Cole Hamels is a good pitcher. Know that. Believe that. Don't worry about that. While Hamels has had a tough spring, there are reasons for his struggles and many even know that his struggles weren't all unexpected.
The latest cause for concern was a minor league outing that Hamels made where he was completely shelled. In 3 2/3 innings, minor league hitters pounded Hamels for four hits, four walks and four runs, including a home run and they struck out only once against the budding superstar. Very quickly, internet message boards filled with doom and gloom stories. "Maybe he needs to start the season at triple-A wrote one fan." Others ran to the thought that Hamels' back woes had flared and that he could be headed to the disabled list. Some even went so far as to say, in effect, "I told you so. We should have traded him a couple of years ago."
Stop the madness.
In his last couple of outings, Hamels has gotten hit hard and the fact that a bunch of minor leaguers did it might be cause for concern if you only looked at the surface of the outing. Look deeper and there is a reason to calm the fears of the Phillies' loyal fans. Hamels was pulled from the start against the Yankees and sent to pitch in the minor league game for two reasons. First, the Phillies are intrigued by Zack Segovia, who started - and pitched very well - in place of Hamels. Second, and most importantly, Hamels wanted to work on his secondary pitches and wanted to work on pitching inside to hitters. Both are things that he's worked on half-heartedly in spring games this season, but wanted to go full steam ahead with both projects in a game situation. In the minor league outing, Hamels abandoned his change-up, which will be one of the best in the majors when all is said and done on his career. He worked on his breaking pitches and he pounded the ball inside. He also worked on his fastball, which mechanically has been messed up this spring. He was pitching completely backward, not worrying about the count or the situation, and preferring instead to just throw the pitches that he needed to work on.
After the game, Hamels was disappointed at how things had gone, but not concerned. And he certainly wasn't injured. Hamels and pitching coach Rich Dubee both admitted that Hamels has some mechanical issues to work on, but neither threw up a red flag. "Getting the reps in and the opportunities with your games and everything, there has to be that point where things are starting to click. I think I'm still trying to find that," admitted Hamels to the Philadelphia Inquirer after the outing. As for Dubee, he thought that he was starting to see positives from Hamels and that it's just a matter of things coming into focus a little better. "He's worried about numbers. I don't worry about numbers here. I saw a lot of good things," explained Dubee, who talked about Hamels getting his arm speed and angle to much better spots than they had been.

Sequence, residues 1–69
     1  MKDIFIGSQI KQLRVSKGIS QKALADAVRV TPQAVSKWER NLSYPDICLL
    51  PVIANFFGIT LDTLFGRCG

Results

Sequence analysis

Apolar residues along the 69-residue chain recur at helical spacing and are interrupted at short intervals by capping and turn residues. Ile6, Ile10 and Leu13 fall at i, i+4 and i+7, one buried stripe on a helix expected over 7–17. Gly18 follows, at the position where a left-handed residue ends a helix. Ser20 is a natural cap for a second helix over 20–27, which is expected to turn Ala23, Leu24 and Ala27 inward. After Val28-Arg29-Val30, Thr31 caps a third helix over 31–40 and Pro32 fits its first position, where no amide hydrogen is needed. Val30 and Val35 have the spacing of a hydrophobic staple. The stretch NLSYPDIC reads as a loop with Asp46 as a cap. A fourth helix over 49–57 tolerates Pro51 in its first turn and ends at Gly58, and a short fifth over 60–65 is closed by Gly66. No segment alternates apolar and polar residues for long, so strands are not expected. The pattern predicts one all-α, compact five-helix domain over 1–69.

Odds are that when the season starts, Hamels will be ready to go. There are just under two weeks until the opener and Hamels is not a reason for concern.
Freddy Garcia has also struggled this spring, but his problems aren't because he's trying new things. His problems may be physical. Garcia left Wednesday night's start against Toronto with what was described as right bicep stiffness. Garcia was examined in Clearwater after exiting the game and checked out with no major concerns. He won't throw for a few days and will be examined by team doctor Michael Ciccotti Saturday when he arrives in Clearwater as part of a routine trip to camp. It's still possible that Garcia could wind up on the DL to start the season. Garcia's velocity has been down all spring and there appears to be more cause for concern with Garcia than there should be with Hamels.
Be concerned too about Tom Gordon. While the Phillies are insisting that he's alright, one source close to the team leaked news that there are some concerns about his shoulder. Recent tests showed that his shoulder is showing every bit of the wear and tear of a long career and there are some who wonder if he'll make it through the season without serious issues with his shoulder.
For the optimists among us, at least the Phillies have Jon Lieber to step into the rotation. While he's not Freddy Garcia, he's also not Paul Abbott. As for the bullpen, Segovia is continuing to draw rave reviews, especially after his outing against the Yankees. He was a dark horse to start the season with the big league club, but he's a much lighter horse now.
Be glad too, that the Phillies have Chris Coste. Carlos Ruiz was a late scratch from Wednesday's game with a stiff shoulder. Manager Charlie Manuel admitted that he's concerned about Ruiz since he's had shoulder issues before, as recently as 2005. Coste would step in as the backup catcher and Jayson Werth would likely also get some time behind the plate this spring if Ruiz is unable to start the year healthy.
Ruiz was also examined Wednesday night and likely won't play until he too will be examined by Ciccotti on Saturday. The early reports on Ruiz weren't as bad as Manuel had originally feared though and Ruiz may be able to play in a few days.